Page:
The All Saints Church, built at the end of the 17th century (1676-1698), consists of artistically crafted decorations, being a beautiful example of the Ukranian Baroque architecture. The Church of the Savior, built in the 11th century by the order of Prince Volodymyr Monomakh, is situated in the northern part of the Monastery of the Caves. The architectural style used in the construction work is representative of the Classical period, having been conveyed by the architect  Andrei Melenskyi.

The Kiev Pechersk Lavra consists of a complex system of caverns. These include contracted corridors, chapels and even accomodation rooms, all designed in the underground.


This system dates from 1051, when the monk Anthony had established into a cavern located in the nearby hills. In time, the cave expended to comprise several passages and even a church.

The caves were also used as burial places and at present one can run across the tombs of famous figures, such as members of the royal family, intelectuals, and saints.


While still being an active monastery, the Kiev Pechersk Lavra also fulfils the role of museum. In fact, it is one of the principal museums located in Kiev, encompasing various collections which are representative for the upper and lower regions of Lavra. The items on display are portraits of the ordained  priests, photographs illustrating church representatives, books and objects made out of precious metals. The main exhibit includes goblets and crucifixes dating from the 16th century, up until de 20th century, and various exemples of needlework, artistically crafted.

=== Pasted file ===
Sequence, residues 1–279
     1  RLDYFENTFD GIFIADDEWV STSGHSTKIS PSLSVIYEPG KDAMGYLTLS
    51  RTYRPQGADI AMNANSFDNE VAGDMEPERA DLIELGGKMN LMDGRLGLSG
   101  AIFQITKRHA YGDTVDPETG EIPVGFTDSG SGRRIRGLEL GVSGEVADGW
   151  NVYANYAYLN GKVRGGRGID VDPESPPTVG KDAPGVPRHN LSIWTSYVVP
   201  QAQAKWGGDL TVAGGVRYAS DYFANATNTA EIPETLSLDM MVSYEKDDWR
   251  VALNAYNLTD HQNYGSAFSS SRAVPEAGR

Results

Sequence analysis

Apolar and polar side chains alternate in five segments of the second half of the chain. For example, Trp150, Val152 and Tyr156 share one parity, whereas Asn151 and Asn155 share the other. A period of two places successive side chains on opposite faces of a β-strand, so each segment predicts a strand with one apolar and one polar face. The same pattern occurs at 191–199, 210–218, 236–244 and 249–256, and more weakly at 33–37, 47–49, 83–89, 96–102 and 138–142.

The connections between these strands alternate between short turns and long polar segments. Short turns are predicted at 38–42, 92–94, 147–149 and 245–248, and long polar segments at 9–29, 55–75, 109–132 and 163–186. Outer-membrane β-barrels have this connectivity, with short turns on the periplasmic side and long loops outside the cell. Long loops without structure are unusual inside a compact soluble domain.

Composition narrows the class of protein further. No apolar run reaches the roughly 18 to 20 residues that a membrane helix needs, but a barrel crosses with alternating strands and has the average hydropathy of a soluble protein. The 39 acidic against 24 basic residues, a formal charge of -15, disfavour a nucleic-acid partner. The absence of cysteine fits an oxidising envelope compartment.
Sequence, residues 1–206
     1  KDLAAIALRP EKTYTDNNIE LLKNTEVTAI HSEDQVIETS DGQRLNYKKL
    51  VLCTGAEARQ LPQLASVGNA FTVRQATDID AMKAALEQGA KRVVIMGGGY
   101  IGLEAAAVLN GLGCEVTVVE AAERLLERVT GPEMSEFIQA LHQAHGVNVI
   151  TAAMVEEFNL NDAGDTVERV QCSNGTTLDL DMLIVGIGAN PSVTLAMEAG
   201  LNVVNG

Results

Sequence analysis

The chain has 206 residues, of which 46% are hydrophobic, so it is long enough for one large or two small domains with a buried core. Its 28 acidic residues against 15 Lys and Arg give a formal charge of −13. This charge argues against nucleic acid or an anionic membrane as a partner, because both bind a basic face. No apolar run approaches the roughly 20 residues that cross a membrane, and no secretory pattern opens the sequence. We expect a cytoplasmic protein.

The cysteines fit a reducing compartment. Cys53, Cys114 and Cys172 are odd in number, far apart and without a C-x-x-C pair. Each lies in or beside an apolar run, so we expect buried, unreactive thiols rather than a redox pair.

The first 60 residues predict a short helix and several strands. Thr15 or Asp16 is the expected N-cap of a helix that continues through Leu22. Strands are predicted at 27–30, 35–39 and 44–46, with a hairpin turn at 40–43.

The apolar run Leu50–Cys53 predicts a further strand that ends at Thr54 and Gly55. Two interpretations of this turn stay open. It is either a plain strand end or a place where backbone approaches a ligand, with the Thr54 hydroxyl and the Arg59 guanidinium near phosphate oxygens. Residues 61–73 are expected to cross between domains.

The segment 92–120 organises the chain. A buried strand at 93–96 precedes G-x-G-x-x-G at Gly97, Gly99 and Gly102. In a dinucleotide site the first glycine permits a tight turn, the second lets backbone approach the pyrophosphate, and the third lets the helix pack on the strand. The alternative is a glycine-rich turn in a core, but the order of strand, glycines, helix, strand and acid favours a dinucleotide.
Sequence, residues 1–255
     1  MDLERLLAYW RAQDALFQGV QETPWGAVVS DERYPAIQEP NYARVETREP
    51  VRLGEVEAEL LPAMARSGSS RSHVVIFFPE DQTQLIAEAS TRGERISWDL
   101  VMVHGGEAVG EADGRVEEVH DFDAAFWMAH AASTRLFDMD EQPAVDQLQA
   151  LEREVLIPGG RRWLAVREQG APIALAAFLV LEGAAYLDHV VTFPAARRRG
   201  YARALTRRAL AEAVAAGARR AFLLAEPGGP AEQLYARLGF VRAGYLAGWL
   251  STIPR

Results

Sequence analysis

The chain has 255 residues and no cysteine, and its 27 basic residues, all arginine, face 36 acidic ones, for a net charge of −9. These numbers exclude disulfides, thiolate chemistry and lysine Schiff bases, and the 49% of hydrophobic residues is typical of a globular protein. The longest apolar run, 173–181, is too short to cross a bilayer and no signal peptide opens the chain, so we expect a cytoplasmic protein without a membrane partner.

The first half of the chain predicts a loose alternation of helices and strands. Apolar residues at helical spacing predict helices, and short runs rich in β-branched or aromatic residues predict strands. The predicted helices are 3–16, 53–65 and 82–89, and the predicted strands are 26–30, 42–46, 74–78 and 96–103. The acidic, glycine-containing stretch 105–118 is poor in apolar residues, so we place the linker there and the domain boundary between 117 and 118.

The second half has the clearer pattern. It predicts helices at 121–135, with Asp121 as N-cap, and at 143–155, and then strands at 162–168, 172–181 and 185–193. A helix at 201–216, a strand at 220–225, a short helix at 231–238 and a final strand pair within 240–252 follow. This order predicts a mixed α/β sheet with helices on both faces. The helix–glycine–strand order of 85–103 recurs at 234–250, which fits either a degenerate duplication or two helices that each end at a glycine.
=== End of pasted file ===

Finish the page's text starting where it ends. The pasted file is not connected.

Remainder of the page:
Tourists who are interested in discovering the catacombs, will be pleased to hear that tours are organized with regularity to the undergorund where they can behold the mummies of Orthodox saints or their vestiges.

Jul 18

Odessa beach resorts (Sejur la plaja in Odessa)

Whoever said that the beach is the beach regardless of the state you find yourself in was badly mistaken. Even if we are considering the states that are opened to the same sea, the differences between them are noticeable. And we are not referring solely to the clarity of the water or the delicacy of the sand, but also to the accommodation and services you are bound to find while on vacation.

This article is dedicated to the beaches in Odessa and will analyze both the beach resorts available in the third largest Ukrainian city, but also the points of interest located throughout the city, which might attract the tourists who want to gain some insight into the cultural and historical aspects al Ukraine.


First and foremost, it is worth mentioning that Odessa is one of the largest ports found in the southern part of the state. Dedicated mostly to industrial activities, Odessa has a powerful economy which is stirred by the labor of about 1 million inhabitants. But aside from its economic tendencies, the city is also renowned as a resort, where tourists from different part of the world come to experience, even if for a short period of time, the way of life that Odessa has to offer.